In July, the decline in automotive sales in China fell by just 4.3%. But with Ford still losing money in the region, the slowing decline is welcome news. In Q2, Ford said that it saw signs of stability in its business in China. Overall earnings before interest and taxes increased by 19%, supported by a broad-based improvement in market factors led by China, North America and Europe. In China, consolidated revenue grew 48% year-over-year driven by higher volumes of Ford’s Lincoln model. Additional initiatives that enhanced capabilities and stronger ties with joint venture partners will lead to stronger performance in the region.
Ford stock is worth over $11 if, using a five-year revenue exit model, investors assume revenue growing 1%-3% annually. Similarly, analysts have an average price target of $11.36. This target is achievable if Ford’s revenue rebounds in the quarters ahead.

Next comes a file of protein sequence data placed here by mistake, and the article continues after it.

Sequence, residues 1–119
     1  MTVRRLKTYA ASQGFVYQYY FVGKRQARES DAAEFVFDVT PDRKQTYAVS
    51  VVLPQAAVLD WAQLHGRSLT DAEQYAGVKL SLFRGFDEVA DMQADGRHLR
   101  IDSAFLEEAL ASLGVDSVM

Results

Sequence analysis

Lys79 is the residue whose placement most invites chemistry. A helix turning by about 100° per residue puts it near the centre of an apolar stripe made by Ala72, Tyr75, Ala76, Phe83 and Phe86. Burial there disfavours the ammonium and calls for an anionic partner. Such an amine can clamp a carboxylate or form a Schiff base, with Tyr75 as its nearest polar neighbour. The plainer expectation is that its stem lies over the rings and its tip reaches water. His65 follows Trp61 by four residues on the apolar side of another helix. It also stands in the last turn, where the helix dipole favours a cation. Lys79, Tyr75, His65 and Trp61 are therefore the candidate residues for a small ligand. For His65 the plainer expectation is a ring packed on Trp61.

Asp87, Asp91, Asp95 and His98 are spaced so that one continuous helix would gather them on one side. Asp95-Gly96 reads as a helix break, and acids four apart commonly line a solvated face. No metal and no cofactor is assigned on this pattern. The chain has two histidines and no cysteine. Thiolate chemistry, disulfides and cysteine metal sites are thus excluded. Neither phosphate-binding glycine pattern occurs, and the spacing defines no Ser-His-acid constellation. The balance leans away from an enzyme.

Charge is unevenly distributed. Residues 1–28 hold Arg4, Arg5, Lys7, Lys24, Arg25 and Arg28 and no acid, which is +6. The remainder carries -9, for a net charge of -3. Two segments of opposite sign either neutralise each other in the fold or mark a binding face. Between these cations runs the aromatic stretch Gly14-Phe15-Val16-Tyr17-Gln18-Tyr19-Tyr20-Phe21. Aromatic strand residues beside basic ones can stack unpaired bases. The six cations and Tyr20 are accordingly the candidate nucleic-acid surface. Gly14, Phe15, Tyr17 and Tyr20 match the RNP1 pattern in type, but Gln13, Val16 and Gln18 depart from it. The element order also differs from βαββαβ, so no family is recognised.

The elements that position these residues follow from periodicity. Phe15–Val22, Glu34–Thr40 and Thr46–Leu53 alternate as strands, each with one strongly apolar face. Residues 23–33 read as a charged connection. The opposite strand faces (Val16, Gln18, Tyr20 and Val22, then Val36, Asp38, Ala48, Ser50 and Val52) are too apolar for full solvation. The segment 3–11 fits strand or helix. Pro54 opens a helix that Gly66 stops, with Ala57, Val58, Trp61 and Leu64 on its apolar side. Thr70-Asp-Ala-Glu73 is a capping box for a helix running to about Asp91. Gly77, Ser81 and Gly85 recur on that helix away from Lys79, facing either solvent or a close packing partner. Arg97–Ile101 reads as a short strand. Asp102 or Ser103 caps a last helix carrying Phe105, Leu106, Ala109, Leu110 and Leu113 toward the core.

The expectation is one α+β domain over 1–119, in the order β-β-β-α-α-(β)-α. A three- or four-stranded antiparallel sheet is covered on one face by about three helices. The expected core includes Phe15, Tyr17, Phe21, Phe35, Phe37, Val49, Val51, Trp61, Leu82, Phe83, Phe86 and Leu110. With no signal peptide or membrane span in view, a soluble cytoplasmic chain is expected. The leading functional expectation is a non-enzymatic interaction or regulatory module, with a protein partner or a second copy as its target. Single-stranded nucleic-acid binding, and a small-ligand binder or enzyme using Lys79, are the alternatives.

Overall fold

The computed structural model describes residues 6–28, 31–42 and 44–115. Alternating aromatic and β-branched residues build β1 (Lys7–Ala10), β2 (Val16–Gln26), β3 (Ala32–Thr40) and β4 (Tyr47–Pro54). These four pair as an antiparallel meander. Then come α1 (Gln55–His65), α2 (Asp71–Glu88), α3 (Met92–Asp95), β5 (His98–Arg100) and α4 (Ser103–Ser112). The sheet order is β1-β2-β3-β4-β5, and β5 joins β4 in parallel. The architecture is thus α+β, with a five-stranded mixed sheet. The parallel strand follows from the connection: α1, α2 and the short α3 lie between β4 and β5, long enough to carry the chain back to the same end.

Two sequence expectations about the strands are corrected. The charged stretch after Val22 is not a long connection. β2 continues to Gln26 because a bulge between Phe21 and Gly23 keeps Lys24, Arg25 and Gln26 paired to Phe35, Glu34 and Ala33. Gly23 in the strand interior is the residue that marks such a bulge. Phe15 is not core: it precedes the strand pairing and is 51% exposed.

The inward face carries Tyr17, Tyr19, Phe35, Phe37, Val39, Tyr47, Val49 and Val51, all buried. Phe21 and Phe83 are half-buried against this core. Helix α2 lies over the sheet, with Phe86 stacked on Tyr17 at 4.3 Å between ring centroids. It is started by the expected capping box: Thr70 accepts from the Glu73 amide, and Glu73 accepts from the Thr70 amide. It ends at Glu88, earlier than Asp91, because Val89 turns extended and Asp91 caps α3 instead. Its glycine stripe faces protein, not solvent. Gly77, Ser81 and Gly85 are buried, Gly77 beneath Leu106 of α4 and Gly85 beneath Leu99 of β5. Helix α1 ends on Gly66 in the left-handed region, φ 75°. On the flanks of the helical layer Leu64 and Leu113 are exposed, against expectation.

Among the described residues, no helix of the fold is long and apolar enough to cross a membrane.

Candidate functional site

General Motors (GM)
General Motors (NYSE:GM) shares may have bottomed recently below $36, as it trades currently in the $39 range. Investors flocked to the stock when trade tensions eased. The company reported Q2 results Aug. 1 and included a reaffirmed full-year earnings per share guidance of $6.50-$7.00 for the year. In the period, North American year-over-year results improved, led by growing truck sales. Average transaction prices and crossover delivers rose. Later this quarter, the start of the deliveries of the Silverado with an optional all-new Duramax turbo-diesel engine opens a new chapter in good fuel economy. And the unveiling of the 2020 Corvette Stingray to an audience of 300,000 should excite sports car enthusiasts.